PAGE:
In previous installments of this project, we've tantalized you with the preliminaries to our porting project. We've discussed our initial plan of the port, a bootstrap of the system off MS-DOS, the standalone utilities that help us test out the basic protected mode mechanisms of the 386, and cross-tools for generating the BSD utility programs that will run off our BSD operating systems kernel. In our analogy of climbing K2, most of our equipment has checked out in use, and the route along the ridge to the peak looks clear with possible good weather. In fact, at the end of this installment, we will finally complete the preliminaries, and leave our base camp to start the major ascent.
We now examine the initial root file-system required for our 386BSD operating system kernel. Earlier in this series, we discussed the cross-tools used to create 386BSD utilities, but we did not mention how we got these utilities onto our target machine. We could load them as files onto MS-DOS -- unfortunately, 386BSD has no ability (initially) to decipher the organization of files on the disk. (Some programmers who have spent time with the FAT, clusters, and their ilk might consider this to be more of a blessing than a curse.) Again, keep in mind that the primary operating system focus in this port is UNIX and not MS-DOS, and that we are working on a research project, not a commercial release.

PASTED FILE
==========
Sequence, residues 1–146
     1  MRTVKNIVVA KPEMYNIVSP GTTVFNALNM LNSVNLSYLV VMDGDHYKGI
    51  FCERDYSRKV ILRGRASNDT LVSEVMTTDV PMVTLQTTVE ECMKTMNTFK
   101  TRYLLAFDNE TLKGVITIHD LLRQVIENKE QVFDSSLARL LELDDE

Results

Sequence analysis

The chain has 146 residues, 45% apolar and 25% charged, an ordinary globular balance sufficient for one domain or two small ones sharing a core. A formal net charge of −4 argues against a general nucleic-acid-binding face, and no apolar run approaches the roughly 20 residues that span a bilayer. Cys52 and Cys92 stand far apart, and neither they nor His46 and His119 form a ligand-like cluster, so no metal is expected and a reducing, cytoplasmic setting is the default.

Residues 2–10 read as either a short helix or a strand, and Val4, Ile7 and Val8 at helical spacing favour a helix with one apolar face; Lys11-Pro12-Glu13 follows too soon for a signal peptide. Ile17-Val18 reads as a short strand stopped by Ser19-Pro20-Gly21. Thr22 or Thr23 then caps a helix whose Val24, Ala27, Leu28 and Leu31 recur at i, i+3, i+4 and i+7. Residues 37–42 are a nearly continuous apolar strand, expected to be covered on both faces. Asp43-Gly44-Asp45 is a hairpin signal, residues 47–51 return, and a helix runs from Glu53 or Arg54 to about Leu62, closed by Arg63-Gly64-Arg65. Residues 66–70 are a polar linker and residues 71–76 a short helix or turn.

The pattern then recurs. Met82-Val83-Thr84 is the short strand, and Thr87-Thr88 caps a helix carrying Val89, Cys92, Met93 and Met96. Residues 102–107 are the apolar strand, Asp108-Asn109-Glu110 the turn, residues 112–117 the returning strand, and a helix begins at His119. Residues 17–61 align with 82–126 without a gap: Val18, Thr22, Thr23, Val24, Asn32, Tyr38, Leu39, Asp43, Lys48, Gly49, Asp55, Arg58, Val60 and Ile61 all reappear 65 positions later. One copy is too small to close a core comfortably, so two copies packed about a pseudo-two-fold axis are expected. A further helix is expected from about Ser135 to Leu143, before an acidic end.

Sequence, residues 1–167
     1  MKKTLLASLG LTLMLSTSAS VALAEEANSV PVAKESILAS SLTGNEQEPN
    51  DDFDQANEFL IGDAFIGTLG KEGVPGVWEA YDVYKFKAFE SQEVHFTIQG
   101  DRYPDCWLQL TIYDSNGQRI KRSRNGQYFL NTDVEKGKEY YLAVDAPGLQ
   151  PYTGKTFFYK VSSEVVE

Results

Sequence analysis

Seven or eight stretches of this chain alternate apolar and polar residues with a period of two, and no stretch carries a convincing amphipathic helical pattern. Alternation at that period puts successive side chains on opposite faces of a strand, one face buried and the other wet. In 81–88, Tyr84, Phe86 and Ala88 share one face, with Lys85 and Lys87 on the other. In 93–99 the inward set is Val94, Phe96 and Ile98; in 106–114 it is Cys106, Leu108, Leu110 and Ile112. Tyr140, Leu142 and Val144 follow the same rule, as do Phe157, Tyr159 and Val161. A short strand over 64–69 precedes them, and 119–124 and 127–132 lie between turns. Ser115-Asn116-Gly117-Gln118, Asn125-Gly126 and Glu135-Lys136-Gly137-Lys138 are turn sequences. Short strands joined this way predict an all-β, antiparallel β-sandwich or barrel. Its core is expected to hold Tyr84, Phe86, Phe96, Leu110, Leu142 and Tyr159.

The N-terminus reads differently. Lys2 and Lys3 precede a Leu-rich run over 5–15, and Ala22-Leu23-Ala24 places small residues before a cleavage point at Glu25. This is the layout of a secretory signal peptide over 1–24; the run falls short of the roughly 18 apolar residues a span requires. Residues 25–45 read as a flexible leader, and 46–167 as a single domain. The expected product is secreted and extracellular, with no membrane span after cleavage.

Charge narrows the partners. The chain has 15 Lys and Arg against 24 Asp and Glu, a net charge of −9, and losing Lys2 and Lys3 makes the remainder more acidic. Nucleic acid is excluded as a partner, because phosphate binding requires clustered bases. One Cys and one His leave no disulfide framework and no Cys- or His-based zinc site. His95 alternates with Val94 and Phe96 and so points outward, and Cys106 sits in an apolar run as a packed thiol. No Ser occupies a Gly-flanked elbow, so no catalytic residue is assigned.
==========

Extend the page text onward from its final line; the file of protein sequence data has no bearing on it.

We now embark on making a usable filesystem in order to hold the programs and files used by our newly ported system. The filesystem is a special data structure and functions that describe the storage of files on some means of bulk storage. It literally is a subsystem for reading, writing, creating, and destroying programs and data files on a media. Some programs and data files will need to be used by our operating system kernel immediately when it begins to run; the rest will be made accessible as the system is configured for use by the configuration programs, which will be run only after the system is completely underway. The first group of files will contain the programs that allow us to add (or mount) new filesystems, creating hierarchical or "tree-based" filesystems. Because trees grow from their roots, this filesystem will be known as the "root," or bottom-most of the filesystems.
The kernel is the "heart" of UNIX, running programs inside of processes that it creates for that purpose, and satisfying program requests (system calls) as needed. Later, when we describe the formulation of the kernel operating systems program (hereafter called the "kernel") and its initialization, we will use this initial root filesystem. Thus, in starting our major ascent, we will begin the actual job of porting the kernel program.